By William Michael Smith
By Jef With One F
By Craig Hlavaty
By Jesse Sendejas Jr.
By Sonya Harvey
By Jesse Sendejas Jr.
By Nathan Smith
By Craig Hlavaty
The way I see it -- today, anyhow -- is that this modern rock thing I keep hearing about on the radio can be viewed as a three-headed monster.
Now before you point out the obvious and scream that you can't categorize an artist's soul that way, just sit down and collect yourself. I'm talking about trends here, and if those commercial vectors don't apply to pop music, then they don't apply to anything. Anyway, I'm seeing three obvious trends in modern rock right now. The one most people are familiar with, because it's been the most successful, is the radio-friendly version. Pearl Jam is the king of the heap here, leading a pack of Stone Temple Pilots and Smashing Pumpkins and Nirvanas and Bellys and Breeders and Liz Phairs and so on and so on. Post-punk acts one and all, which means that they're none of them quite like their analogous arena rock bands of the 1970s, but they sound close enough for radio's comfort, at least.
Off to one side of center, there's the lo-fi "movement" spearheaded by Pavement, Lou Barlow, Guided by Voices and Jack Logan (Liz Phair doesn't count; she just thinks lo-fi is a cute phrase). It's trickling all the way down to every Joe with a tape recorder in his bedroom, even our own Jandek. Almost without fail, critics gush over lo-fi, maybe because they can afford to, since regular people hardly ever listen to it.
Sitting in the other corner is ... well, I don't have a name for it, but I'm thinking of the high-density, high-tech, high-volume aesthetic pursued by the Trent Reznors and sometimes the Al Jourgensens of the music world. If lo-fi minimizes equipment and sacrifices sound quality, industrial-oriented stuff maximizes sound quality and then abuses it. If lo-fi emphasizes songwriting, industrial creates a soundscape and relies on a groove strong enough to drag you through it. Reznor's Nine Inch Nails probably does it better than anyone else. Houston's Pain Teens used to do a pretty fine job of it themselves.
There's obviously a lot more to "modern rock" than that -- a new generation of soft rockers and singer-songwriters tagged Adult-Alternative and going straight to hell because of it, for instance -- but the above three suit my purpose, which is to introduce some new records I've been listening to.
The disc that got me to thinking about industrial again is called Prick (Nothing/Interscope), and it's by an aggregation of "songwriter" Kevin McMahon and a host of producers and engineers, most notably the aforementioned Reznor, who's credited with production and engineering on four of its ten tracks. It sounds something like you might expect from the Reznor camp, all overdrive guitars and grating electronics supporting a freshly unconstipated yelper, but unlike other Reznor-supported failures (the thoroughly unrewarding Marilyn Manson disc comes to mind), this puppy does give you a reason to slog through the noise.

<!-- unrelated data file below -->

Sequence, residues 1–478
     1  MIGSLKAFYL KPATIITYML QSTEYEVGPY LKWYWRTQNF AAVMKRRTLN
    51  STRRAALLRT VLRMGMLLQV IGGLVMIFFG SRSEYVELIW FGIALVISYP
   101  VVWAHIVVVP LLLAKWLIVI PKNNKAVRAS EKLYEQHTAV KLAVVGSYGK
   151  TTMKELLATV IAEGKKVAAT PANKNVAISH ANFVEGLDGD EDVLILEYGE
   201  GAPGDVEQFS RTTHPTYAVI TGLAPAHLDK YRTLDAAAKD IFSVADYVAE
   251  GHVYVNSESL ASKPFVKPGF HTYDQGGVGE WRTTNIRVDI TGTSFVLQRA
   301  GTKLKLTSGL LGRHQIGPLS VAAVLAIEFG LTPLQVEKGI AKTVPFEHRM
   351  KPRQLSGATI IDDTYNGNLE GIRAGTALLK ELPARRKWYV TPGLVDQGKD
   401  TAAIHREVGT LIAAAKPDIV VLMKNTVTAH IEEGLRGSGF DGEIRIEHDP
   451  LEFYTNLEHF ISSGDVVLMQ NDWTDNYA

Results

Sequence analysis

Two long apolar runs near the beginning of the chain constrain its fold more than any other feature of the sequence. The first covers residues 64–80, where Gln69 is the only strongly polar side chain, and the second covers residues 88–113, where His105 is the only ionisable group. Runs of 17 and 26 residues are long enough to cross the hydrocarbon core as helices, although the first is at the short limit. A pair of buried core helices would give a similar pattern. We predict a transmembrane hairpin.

Part of that reason comes out in the groove beneath the clang, reaffirming that Jourgensen was onto something when he dragged his disco ass into the industrial age. (His new country fetish will have to be explained elsewhere.) And part of it is in the way Prick absorbs Ziggy Stardust-vintage Bowie into the fold, adding a glimmer of glam to the proceedings that fits perfectly with industrial's theatrical excess. Prick slows on a few occasions, and stumbles when it does, but when the music's in fifth, it's pure adrenaline; the kind of stuff that, when I play it at stupidly high volumes in an attempt to evidence its charms to a friend, that same friend responds with a sidelong glance at the B&O speakers he's been loaning me these past months and says with an unbecoming earnestness: "Dude, don't drive my speakers so hard" (***).
On the lo-fi end of things, the current buzz in my ear is this band billed as the Mountain Goats, though it's really just one guy with a tinny sounding acoustic guitar and sporadic help from some women who sing background vocals. A friend has been pushing the Goats' new Zopilote Machine (Ajax) on me as ultimate godhead for weeks, but I hesitated, because he lives in the backwater of North Carolina, where he likes way more local bands than are actually worth a shit, and because, for all the joy a sorta comparable Jack Logan (Logan plays with a real band) singing "Thirteen Years" can bring into a home, the sensual thrills of full-blown pop just aren't there on the tape-recorded stuff, and I'm sometimes left feeling like I had to work at least as hard as Logan to get to the meat of the experience. But since some of the best barbecue I ever ate came across the counter on a paper plate, I finally bought the thing, and though I don't like to say this too often in reference to this particular friend, he's right.